To remove the pain from managing your personal bank accounts while abroad, open more than one of the no-fee or low-fee accounts that are out there. Create a backup plan for when things go wrong, because they will. And make sure to become familiar with your Bank’s online customer support system, because making calls abroad can be very difficult at times.


Are you tired of being locked out of your bank account while traveling internationally or living abroad?

Sick of the complications with those unreasonable and mysterious fees that make transferring money in and out of your account so expensive?

Well, managing your bank account while abroad can be easy.

In this blog post I will give you a game plan so that you setup your bank accounts in a way that tappers the uncertainty around accessing your own money.

Open High Value Bank Accounts

You first need to open a high value bank account. This will be with a company that does not charge international transaction fees. Oh, and those ATM fees you are charged to you while abroad; well, there are banks that will even reimburse you — at least partially — for those fees.

Here are three U.S. banks that I highly recommend…

Bank Direct

I’ve used Bank Direct for years. Not once have I ever had my debit/ATM card blocked by mistake. On top of this you can earn 100 AAdvantage miles per $1000 dollars held, each month. In contrast to a measly interest rate, your idle account balance could possibly produce significant value in a short period of time.

No international transaction fees. And ATM fees around the world are reimbursed up to the amount of $2.50 per transaction, with a max of 4 reimbursements per month.

Bank Direct

Cons: Customer support is great but not available 24/7. The biggest pain is that they are closed on Saturday and Sundays. There is a $12 monthly fee for their mileage earning account, though free checking account options are available.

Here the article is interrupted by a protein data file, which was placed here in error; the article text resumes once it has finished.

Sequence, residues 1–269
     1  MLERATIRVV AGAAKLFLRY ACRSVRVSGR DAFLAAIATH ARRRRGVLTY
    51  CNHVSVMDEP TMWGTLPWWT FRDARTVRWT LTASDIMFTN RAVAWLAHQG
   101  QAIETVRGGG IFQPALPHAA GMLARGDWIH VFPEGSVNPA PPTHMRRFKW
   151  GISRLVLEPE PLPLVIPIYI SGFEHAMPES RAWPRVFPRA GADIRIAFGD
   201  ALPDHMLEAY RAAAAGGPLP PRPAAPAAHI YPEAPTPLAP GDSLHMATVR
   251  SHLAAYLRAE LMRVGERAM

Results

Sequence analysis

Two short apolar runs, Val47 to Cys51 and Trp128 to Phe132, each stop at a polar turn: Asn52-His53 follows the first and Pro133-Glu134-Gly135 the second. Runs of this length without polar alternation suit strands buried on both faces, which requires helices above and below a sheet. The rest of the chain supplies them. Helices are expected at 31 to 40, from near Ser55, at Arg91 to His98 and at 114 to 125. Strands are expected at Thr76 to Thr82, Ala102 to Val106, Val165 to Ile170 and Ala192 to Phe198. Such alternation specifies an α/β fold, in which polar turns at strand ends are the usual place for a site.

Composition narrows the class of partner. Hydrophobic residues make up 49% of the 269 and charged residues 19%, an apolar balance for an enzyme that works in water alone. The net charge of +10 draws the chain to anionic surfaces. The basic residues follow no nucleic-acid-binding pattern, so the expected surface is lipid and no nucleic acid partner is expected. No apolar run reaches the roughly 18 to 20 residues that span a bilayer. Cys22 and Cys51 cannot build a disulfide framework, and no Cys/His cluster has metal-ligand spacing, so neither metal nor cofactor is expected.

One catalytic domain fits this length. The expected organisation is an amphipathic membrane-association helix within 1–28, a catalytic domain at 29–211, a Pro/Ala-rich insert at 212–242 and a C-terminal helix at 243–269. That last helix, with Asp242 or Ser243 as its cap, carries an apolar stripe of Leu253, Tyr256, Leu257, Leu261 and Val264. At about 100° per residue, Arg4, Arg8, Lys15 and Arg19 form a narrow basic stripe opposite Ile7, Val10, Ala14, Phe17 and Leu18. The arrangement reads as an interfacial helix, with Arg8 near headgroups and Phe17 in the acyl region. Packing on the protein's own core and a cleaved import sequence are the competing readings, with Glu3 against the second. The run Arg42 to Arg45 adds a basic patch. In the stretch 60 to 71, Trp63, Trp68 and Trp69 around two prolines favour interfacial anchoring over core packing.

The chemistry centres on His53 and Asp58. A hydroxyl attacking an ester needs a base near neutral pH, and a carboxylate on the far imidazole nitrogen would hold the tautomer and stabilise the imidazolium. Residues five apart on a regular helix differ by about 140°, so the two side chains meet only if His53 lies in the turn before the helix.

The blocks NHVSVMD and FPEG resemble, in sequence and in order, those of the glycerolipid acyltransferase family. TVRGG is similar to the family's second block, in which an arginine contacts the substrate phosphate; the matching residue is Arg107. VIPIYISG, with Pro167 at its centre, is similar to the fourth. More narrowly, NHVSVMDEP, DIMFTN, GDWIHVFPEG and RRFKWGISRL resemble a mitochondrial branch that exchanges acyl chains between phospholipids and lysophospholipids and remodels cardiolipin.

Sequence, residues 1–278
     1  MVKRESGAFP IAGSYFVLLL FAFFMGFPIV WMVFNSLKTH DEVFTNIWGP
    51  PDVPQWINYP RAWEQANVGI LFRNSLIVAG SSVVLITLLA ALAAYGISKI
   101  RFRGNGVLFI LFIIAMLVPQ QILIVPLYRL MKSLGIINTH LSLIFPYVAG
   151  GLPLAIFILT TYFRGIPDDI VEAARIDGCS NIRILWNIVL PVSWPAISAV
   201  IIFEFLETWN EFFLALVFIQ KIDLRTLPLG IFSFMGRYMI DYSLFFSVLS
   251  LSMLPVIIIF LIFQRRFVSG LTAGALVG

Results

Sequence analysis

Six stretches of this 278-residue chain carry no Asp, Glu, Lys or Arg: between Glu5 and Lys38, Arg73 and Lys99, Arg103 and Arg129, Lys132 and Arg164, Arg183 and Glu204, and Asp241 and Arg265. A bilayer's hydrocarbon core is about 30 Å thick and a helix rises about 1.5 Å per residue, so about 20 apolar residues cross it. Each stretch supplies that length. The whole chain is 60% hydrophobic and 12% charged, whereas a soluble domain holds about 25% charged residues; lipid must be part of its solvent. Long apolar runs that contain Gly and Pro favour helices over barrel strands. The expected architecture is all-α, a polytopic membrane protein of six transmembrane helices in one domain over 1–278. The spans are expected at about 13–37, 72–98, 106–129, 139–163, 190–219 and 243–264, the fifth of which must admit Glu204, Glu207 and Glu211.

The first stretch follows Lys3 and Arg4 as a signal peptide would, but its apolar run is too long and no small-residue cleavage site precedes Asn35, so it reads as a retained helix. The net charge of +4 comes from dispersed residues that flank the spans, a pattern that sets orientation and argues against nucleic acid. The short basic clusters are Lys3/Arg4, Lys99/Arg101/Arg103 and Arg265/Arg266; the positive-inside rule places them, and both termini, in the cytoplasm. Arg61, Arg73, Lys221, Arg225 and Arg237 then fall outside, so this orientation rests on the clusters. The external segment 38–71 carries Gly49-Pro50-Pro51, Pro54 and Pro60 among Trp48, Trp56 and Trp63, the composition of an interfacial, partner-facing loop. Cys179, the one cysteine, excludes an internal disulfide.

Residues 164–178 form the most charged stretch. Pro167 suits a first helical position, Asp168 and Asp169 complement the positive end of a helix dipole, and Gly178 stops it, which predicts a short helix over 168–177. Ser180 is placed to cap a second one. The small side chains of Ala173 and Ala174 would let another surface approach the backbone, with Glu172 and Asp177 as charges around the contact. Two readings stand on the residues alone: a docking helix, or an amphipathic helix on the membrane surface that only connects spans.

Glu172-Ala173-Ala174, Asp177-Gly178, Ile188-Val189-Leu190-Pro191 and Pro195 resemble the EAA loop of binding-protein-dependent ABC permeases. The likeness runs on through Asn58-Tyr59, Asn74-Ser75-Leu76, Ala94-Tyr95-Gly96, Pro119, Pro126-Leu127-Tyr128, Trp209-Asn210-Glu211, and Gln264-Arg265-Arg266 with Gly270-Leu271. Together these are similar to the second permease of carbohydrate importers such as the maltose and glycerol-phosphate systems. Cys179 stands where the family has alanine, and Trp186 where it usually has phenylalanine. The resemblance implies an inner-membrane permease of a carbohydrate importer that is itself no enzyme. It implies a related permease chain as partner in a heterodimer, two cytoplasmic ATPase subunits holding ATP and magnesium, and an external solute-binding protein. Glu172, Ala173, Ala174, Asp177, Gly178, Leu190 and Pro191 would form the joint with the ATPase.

Charles Schwab Bank

No fees to open an account. No international transaction fees. No ATM fees, ever. I still don’t understand how they do it.

Cons: I’ve just recently opened my own account, but I know that friends of mine have been locked out of their account at times due to false fraud alerts.

Charles Schwab Bank


Simple is completely transparent about their fees and policies. They also offer a rich set of features through their mobile apps and websites, for managing your money. Customer service is painless and top-notch. And in comparison to banks such as Chase or Bank of America, their international fees are reasonable.


Cons: International ATM withdrawal fees are $2 per transaction. In addition to this, a 1% flat fee is charged on any international transaction. For this reason, Simple is great as a backup bank account, but unsuitable as a primary account within many countries.

Create a Backup Plan

Things will always go wrong. A bank card will be lost, stolen, or eaten alive by an ATM machine. An account will be blocked due to fraud, a false-alert, or because you forget to notify your bank in advance that you’ll be in Timbuktu. But this doesn’t mean you need to worry.

The best way to combat uncertainty is to be prepared for the worst, up until to a certain extent.

So don’t just rely on one bank account. Make sure to have two trustworthy accounts, and an emergency credit card for that manner.

Personally, I now use Schwab for my primary account and Simple as a backup. If my Schwab account becomes locked, or I no longer have their ATM card; I can live with paying up to $11 in fees for an international ATM withdrawal in a pinch.

Take Advantage of Online Communication

Most banks nowadays offer secure online customer support. Either through chat or messaging. Take advantage of this. While abroad, communication can become a real issue. Phone calls — whether with telephone company or through Skype — can be quite expensive or non-existent at times.

So become familiar with your Bank’s online customer support system.